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Ethnographies of ordinary moments

Whittle, Eric (2010) Ethnographies of ordinary moments. PhD thesis, Murdoch University.

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This exploration into social meanings packs along with it an assumption that social studies have yet to arrive at any ‘moment’ of potential in which they can confidently set about describing human behaviour in a way that makes the topic analytically familiar, and therefore warrants the analysis. Indeed, I take it for now that people’s actions are new and strange. There is a small band of the ‘self-disciplined’ who view the social landscapes around them with fresh eyes; the occasional philosopher, some of the historians, ethnomethodologists, and conversation analysts, plus a few of the anthropologists and ethnographers. But they are exceptions. The problem appears to be this: Because everyone, analyst and lay person, is a committed expert on social behaviour, very few have felt the need to attempt an agreement on the details; for example, the profoundly-social properties of the very language we all use to describe it. Practitioners of natural science are not simply observing reality but displaying also their astonishment, frustrations, equivocations, justifications, agreements, criticisms, occasional relief, and other tokens of it. If the early astronomers and chemists had an advantage, it was the lack of experts bending their ears.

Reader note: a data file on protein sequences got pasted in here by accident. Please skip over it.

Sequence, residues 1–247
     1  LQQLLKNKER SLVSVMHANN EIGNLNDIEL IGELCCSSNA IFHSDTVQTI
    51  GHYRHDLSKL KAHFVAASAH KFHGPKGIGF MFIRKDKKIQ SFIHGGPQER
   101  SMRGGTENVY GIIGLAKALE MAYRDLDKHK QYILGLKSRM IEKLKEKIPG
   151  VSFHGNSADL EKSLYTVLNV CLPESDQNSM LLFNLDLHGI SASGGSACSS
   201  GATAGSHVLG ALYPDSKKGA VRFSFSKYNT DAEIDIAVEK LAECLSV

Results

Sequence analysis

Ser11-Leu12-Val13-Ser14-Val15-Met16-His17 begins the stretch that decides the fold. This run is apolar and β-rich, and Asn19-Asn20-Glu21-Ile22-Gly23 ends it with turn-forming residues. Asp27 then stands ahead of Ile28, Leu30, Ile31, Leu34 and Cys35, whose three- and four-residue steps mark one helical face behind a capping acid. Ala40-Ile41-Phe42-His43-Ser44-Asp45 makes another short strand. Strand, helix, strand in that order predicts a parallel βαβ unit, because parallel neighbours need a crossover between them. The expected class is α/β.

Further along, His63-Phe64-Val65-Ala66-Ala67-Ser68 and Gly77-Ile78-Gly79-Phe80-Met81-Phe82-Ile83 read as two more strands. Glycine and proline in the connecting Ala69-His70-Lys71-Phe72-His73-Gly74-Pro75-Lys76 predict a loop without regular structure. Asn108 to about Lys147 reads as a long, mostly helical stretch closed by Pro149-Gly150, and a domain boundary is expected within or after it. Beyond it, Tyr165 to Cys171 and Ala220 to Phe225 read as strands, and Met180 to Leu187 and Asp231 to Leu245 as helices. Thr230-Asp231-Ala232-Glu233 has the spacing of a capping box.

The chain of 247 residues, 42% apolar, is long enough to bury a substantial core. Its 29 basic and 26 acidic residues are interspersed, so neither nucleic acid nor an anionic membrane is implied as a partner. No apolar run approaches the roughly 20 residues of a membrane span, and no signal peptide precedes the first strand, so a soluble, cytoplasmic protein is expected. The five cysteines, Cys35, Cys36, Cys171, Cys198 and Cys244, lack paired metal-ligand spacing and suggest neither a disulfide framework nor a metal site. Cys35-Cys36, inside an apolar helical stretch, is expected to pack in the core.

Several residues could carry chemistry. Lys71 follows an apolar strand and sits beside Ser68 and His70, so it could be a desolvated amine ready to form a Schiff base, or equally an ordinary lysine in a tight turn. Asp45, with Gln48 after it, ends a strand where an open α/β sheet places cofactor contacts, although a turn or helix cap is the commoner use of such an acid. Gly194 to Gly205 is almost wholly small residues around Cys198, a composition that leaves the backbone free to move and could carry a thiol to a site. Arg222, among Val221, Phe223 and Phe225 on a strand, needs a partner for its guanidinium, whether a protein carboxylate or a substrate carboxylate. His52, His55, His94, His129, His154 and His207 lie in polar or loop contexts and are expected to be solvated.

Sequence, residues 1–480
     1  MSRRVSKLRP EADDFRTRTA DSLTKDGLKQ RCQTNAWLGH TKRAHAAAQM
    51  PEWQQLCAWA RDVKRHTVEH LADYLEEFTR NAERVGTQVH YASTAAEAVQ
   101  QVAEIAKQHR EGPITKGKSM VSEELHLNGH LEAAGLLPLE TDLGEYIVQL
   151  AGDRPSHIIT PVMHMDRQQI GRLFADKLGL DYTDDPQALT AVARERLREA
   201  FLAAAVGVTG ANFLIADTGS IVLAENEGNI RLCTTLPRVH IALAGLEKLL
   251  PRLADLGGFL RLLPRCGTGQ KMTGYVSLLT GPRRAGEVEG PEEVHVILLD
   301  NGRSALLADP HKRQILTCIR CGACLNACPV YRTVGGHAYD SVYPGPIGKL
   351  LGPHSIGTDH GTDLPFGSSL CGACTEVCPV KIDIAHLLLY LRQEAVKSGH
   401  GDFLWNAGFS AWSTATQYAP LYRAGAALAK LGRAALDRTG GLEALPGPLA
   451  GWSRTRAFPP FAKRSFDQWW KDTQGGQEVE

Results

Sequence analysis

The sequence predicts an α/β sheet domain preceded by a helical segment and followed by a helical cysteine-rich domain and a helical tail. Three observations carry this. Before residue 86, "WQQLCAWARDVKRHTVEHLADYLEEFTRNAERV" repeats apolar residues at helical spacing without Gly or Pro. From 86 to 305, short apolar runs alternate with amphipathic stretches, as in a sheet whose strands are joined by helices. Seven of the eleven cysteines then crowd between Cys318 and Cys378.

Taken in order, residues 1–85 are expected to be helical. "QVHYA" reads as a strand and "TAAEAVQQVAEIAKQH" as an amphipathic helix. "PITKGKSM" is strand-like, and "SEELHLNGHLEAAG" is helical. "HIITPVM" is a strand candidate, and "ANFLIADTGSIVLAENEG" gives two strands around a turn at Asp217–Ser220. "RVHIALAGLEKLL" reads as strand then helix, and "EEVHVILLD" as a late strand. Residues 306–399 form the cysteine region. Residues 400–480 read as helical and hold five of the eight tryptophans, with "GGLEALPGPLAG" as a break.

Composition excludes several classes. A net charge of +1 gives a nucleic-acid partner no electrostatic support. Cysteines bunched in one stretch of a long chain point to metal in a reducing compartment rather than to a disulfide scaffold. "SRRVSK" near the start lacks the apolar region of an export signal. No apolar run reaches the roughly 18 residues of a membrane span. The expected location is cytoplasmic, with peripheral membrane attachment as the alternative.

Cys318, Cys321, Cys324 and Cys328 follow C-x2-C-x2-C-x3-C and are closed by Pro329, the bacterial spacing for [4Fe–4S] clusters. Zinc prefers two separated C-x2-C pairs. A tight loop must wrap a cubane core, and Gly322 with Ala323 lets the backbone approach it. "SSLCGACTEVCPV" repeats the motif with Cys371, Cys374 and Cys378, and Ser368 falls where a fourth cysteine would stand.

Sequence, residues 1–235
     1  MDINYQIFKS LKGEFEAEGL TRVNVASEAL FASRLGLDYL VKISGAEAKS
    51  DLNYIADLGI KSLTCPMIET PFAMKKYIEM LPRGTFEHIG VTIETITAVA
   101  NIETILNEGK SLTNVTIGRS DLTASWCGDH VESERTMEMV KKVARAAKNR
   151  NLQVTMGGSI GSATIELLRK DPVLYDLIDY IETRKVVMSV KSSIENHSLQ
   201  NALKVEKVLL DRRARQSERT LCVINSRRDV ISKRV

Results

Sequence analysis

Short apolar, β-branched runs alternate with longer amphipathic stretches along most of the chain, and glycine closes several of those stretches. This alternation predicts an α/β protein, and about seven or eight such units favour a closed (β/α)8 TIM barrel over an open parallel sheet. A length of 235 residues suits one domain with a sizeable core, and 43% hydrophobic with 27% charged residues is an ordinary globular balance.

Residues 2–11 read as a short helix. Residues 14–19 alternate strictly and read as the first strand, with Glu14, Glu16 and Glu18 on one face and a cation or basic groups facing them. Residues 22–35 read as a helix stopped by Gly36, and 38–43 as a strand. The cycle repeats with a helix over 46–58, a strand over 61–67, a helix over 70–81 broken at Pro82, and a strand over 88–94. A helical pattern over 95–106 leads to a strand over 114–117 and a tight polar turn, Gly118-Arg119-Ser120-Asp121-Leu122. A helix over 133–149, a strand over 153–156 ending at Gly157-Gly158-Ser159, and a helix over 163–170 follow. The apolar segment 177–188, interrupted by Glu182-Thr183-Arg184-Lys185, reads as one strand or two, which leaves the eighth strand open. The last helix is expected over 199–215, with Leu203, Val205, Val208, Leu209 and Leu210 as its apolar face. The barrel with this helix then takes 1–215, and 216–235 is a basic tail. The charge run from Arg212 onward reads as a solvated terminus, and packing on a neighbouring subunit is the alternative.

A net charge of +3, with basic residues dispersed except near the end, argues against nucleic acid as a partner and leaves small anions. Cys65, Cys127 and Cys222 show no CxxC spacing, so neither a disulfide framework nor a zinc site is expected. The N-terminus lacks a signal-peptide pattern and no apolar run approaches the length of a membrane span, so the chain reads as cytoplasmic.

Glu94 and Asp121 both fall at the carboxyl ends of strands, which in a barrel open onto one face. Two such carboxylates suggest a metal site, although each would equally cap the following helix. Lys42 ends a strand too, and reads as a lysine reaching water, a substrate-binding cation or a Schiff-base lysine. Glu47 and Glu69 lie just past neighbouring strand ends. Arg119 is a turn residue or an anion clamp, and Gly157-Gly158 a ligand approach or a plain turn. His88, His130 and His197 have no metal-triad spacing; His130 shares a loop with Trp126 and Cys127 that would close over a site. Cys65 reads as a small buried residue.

Accumulating empirical descriptions of social events will not necessarily result in a progressive discipline, only the potential for a workable philosophy that leaves the landscape unchanged. After that, who knows? But the potential offers more towards a warrant than what currently stands as social science. In the following chapters, the reader will find descriptions of social objects that appear in a court of law, and in settings that involve what we like to gloss as humour, laughter, and play. The analytic logic of these descriptions stands before the action and knows how to do it (such logic is not a reference to something hidden behind or within). This type of understanding features in a growing canon of studies towards which the following project aspires.

Item Type: Thesis (PhD)
Murdoch Affiliation(s): School of Social Sciences and Humanities
Supervisor(s): Wickham, Gary
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